Saturday, December 27, 2008

826 Valencia


Founded by Dave Eggers (McSweeney's editor), 826 Valencia is a nonprofit tutoring center with a twist. Eggers & team found the perfect location for their tutoring center, but were told that due to zoning, they were required to also have a storefront. In true fashion, the team involved decided that a Pirate Supply Store would be best. Let me clarify, this is not a store that sells pirate toys. This is a store that sells supplies to pirates. We're talking glass eyes, peg legs, hooks, and parrot food.

Recently, 826 Valencia enlisted the help of San Fransisco design firm, office, to develop the store's new identity along with about 50 new products. The results are fabulously fun and creative. All proceeds go directly to benefit 826 Valencia's writing programs, which have now extended to New York (Superhero supply store), Boston, Michigan, Seattle (Space Travel supply store), LA (Time Travel mart), and Chicago (Spy store).

This is the culmination of creativity, design and community service at its best. You can watch Dave Eggars' Ted talk about this initiative here. It's well worth the 24 minutes.

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Saturday, December 20, 2008

Happy Holidays

Sunday, December 14, 2008

Best self-promo

From Because Studio in the UK. This goes under the "wish I had thought of that" category.



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Saturday, December 13, 2008

Cute overload


Love, love, LOVE these adorable paperweights from züny, whose tagline is "Makes your life funny & easy." What a nice sentiment to strive for :) These are the type of items that just make me smile. I love collar as an added touch. I'm having a hard time picking a favorite. Donkey or elephant??? Maybe the giraffe?

Unfortunately I don't see any US retailers listed on there site. Perhaps you can have them shipped. It would be well worth the effort!

Click here for the züny site.





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Tuesday, December 9, 2008

Women of Design

There are a handful of "rock star" designers in this world. People that most people in the design world are aware of, in awe of, or in envy of. Most of these tend to be men. And this is due to the fact that there are simply more men than women in the roles of creative directors and business owners. But now there is a book out from HOW celebrating the women of design. While I think it's a bit silly that we need such a book in 2008, I acknowledge that we do. It's nice to see some familiar and not-so-familiar names gracing it's pages. This is a great gift idea for any designer you may know. Ahem.

Here's a write up and sample pages from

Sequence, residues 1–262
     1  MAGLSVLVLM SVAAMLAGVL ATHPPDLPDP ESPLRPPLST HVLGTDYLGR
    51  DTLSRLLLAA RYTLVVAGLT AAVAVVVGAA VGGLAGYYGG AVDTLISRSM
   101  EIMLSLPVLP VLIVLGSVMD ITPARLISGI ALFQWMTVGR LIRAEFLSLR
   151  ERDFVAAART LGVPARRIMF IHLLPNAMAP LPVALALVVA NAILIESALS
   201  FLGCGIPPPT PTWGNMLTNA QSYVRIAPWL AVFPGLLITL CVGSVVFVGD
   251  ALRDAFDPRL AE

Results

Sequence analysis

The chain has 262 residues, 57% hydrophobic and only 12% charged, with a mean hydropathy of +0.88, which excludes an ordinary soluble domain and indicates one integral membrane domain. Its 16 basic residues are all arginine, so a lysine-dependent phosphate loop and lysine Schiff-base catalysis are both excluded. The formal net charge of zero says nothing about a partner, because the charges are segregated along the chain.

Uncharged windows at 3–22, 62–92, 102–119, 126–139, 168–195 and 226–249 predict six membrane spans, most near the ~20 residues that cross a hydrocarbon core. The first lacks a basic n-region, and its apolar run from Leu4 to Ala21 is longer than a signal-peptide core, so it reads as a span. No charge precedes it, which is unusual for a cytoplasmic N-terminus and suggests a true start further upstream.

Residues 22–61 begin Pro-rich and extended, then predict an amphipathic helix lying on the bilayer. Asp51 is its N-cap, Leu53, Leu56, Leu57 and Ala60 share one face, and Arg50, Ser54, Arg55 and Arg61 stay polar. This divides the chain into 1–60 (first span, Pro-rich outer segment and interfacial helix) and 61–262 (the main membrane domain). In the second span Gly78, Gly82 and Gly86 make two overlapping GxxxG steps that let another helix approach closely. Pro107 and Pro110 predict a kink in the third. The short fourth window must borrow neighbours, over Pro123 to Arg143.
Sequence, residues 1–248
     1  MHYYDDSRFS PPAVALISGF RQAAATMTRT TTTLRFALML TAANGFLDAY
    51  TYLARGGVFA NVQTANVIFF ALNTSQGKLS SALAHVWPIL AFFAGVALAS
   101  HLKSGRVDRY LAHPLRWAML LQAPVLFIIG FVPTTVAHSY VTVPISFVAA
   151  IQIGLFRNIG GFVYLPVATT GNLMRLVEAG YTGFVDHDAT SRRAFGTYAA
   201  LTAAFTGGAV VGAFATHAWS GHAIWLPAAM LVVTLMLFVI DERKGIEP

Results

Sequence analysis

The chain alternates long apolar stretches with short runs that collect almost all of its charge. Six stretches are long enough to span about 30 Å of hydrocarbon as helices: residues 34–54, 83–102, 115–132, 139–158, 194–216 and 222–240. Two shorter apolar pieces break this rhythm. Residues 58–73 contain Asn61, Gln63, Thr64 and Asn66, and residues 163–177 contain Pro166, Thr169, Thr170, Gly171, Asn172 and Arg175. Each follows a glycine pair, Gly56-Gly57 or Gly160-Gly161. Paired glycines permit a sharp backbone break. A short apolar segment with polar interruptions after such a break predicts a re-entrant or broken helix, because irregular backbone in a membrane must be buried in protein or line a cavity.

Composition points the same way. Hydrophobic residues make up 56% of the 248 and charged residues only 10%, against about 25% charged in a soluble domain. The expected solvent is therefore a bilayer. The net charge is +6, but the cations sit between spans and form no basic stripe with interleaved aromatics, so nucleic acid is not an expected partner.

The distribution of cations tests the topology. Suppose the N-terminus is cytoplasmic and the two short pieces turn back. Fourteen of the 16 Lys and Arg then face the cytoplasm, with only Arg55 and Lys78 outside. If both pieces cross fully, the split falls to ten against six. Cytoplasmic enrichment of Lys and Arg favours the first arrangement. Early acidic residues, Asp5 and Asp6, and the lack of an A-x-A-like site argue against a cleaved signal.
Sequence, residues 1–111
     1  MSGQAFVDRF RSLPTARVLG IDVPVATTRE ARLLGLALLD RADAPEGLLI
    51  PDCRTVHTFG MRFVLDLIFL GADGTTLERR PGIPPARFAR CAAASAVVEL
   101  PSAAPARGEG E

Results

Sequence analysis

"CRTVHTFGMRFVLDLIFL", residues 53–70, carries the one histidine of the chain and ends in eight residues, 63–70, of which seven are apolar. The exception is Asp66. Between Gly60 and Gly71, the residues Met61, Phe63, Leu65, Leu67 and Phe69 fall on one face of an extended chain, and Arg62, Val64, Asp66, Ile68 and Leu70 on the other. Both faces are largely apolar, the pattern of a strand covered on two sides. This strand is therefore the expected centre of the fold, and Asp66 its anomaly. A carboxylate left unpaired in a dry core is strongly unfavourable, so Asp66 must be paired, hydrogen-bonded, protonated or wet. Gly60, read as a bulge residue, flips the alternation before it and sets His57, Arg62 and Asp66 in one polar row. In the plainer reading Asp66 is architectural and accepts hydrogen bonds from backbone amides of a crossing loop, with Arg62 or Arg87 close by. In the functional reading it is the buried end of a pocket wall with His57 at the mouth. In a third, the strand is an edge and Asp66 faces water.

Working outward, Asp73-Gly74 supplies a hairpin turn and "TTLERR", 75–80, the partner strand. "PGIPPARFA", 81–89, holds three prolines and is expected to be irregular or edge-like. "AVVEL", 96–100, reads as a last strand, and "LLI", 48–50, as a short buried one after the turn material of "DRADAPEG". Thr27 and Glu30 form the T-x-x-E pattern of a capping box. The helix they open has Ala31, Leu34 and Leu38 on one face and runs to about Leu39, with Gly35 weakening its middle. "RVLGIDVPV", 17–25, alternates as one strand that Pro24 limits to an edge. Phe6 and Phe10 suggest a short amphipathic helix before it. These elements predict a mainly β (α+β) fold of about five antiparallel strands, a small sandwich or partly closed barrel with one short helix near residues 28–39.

Under Consideration:

The immense body of work produced by graphic designers around the world is astoundingly varied, rich and widely celebrated. Yet in publications, conferences and other public realms, women designers tend to be outnumbered by their male counterparts whose appearances, work and achievements are constantly in the spotlight. Luckily, it’s a reversing trend. While this book does not attempt to relieve the imbalance, it does bring full attention to the wonderful work, careers and contributions of women designers, writers, teachers and entrepreneurs around the world.

The women in this book have been divided into three groups, representative of the time in which their influence was most heartily felt: Groundbreakers, Pathfinders and Trailblazers. These three generations have helped shape the modern landscape of design. Explore the work, ideals and ventures that have helped define the last fifty years of the graphic design profession. Learn about the women who helped establish design’s relevance, importance and impact — and the ones who carry their tradition into new territory.


Sample Spreads
Sample, Louise Fili

Sample, Chapter Introduction

Sample, Carin Goldberg

Sample, Fanette Mellier

Sample, Debbie Millman

Sample, Irma Boom

Sample, Quote Alice Twemlow

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Sunday, December 7, 2008

So long gone

Sorry for the lame lack of posting lately. I'll blame it on work, and vacation, and choosing sleep over blogging. But I'm back on it.

I guess I'm still missing London, so I just had to blog about these UK stamps celebrating icons of British design. I love the simplicity of these stamps and how they really hero the object. No fear of white space here. Yay! From Creative Review:

Stamps of Approval
Posted by Mark, 26 November 2008, 10:43

A set of first class stamps are to be issued in January next year commemorating ten icons of British design. The Royal Mail’s new series offers up a discernably nostaligic look at some British Design Classics, largely culled from the 1930s and 1960s.

RJ Mitchell’s Spitfire, George Carwardine’s angelpoise lamp, Harry Beck’s map of the London Underground network and Edward Young’s designs for Penguin (below) all originate from the 1930s.

The series of ten also includes Sir Giles Gilbert Scott’s telephone box (his K2 design is from 1926) and Robin Day’s polypropylene chair for Hille Seating from 1963.

While the design of the Mini (originally launched in 1959) has moved with the times and the 1965 mini skirt is still a classic of contemporary fashion, classic designs like the Routemaster bus (manufactured between 1954 and 1968) and Concorde (1969-2003) have been retired relatively recently.

The stamps will be issues on 13 January 2009. A “prestige stamp book”, issued alongside the stamps, will provide a more extensive background and history of the designs.

To mark the Mini’s 50th and Concorde’s 40th birthdays, Royal Mail is also issuing a “generic sheet” of 20 stamps (Mini series designed by Magpie; Concorde by Neon) and “medal covers” for each which have been designed by the Royal Mint Engraving Team. All stamps and sets will be available from royalmail.com/stamps.



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